Page:Secret history of the French court under Richelieu and Mazarin/Chapter I/Page 43
airing; then, at nine in the evening, she mounted on horseback disguised as a man, and, when five or six leagues from home, found herself without letters, without itinerary, without waiting-maid, and followed only by two servants. She was unable to change her horse during the night, and she arrived the next morning at Ruffec, one league from Verteuil, where La Rochefoucauld resided, without having taken a single hour of repose. Instead of claiming his hospitality, she wrote him the following note: " Sir, I am a French gentleman who asks your aid to preserve his liberty, and perhaps his life. I have fought an unhappy duel, and have killed a nobleman of distinction. This forces me to leave France in haste, as I am pursued. I believe you to be generous enough to serve me without knowing me. I need a carriage and a valet to attend me." La Rochefoucauld sent her what she wished. The carriage was a great relief to her, for she was worn out with fatigue. Her new guide conducted her to another house of Rochefoucauld, where she arrived at midnight; there she left the carriage and the two domestics who had hitherto accompanied her, and again set out on horseback towards the frontier of Spain. The saddle of her horse was covered with blood; this she said was from a sword thrust she had received in the thigh. She slept in a barn on the hay, and scarcely tasted food. But as beautiful and as fascinating in the black costume of a cavalier as in the brilliant attire of a court lady, her gallant mien won the admiration of all the women, and during this adventurous journey, she made, despite herself, as many conquests as when in the halls of the Louvre, and, according to La Rochefoucauld, " she showed more modesty and more cruelty than men like her usually possess." At one time she met ten or twelve cavaliers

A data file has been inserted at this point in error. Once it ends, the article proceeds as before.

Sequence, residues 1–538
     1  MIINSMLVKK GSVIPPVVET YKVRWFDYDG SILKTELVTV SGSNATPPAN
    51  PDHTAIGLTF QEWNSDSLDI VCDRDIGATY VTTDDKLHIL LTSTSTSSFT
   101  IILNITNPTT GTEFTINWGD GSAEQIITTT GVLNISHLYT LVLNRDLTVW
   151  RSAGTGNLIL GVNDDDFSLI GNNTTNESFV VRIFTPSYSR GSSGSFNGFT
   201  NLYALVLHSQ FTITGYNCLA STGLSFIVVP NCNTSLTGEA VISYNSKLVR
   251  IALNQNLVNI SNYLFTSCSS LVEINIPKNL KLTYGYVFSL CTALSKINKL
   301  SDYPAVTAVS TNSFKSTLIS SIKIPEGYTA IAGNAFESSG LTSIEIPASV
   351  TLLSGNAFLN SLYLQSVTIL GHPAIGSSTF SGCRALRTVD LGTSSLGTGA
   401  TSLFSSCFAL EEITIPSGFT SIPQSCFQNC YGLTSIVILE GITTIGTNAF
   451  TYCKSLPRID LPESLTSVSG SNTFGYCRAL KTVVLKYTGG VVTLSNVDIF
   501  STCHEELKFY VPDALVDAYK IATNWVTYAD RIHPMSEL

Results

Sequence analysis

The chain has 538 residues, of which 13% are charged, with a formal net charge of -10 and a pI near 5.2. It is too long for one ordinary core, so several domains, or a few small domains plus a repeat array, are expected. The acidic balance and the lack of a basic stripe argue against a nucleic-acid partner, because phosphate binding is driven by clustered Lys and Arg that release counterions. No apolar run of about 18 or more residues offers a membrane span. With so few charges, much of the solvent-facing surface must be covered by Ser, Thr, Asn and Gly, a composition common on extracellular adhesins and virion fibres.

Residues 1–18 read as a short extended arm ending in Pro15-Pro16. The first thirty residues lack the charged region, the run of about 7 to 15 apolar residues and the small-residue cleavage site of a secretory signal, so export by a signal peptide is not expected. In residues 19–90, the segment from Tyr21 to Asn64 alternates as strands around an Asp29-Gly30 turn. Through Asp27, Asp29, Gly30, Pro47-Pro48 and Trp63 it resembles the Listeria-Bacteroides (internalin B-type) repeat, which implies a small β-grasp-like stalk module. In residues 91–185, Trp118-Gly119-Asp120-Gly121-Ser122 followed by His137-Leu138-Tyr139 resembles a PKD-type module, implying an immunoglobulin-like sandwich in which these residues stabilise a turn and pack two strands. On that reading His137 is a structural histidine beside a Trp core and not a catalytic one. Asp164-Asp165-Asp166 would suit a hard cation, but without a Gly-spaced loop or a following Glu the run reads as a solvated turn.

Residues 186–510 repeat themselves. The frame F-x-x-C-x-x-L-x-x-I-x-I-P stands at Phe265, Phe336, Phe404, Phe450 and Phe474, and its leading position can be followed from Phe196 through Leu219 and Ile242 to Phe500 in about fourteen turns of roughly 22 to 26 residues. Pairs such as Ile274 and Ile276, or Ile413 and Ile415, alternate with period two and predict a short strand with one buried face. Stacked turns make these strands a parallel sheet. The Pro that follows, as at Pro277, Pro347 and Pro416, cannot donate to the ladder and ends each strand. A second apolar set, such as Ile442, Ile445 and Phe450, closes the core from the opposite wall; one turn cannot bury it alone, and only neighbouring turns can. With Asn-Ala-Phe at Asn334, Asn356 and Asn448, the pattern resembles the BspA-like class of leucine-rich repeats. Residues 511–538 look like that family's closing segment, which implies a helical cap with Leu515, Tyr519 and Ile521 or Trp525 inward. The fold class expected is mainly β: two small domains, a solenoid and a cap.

- La Rochefoucauld, p. 356. Tallemant, Vol. i., p. 250, relates the strangest imaginable anecdotes, but we shall only cite certain and authentic facts. Extrait de l'information, etc.: A citizen's wife passed by chance, and seeing her lying on the hay, exclaimed: "This is the handsomest youth I ever saw! Sir, come rest in my house, you excite my pity," etc.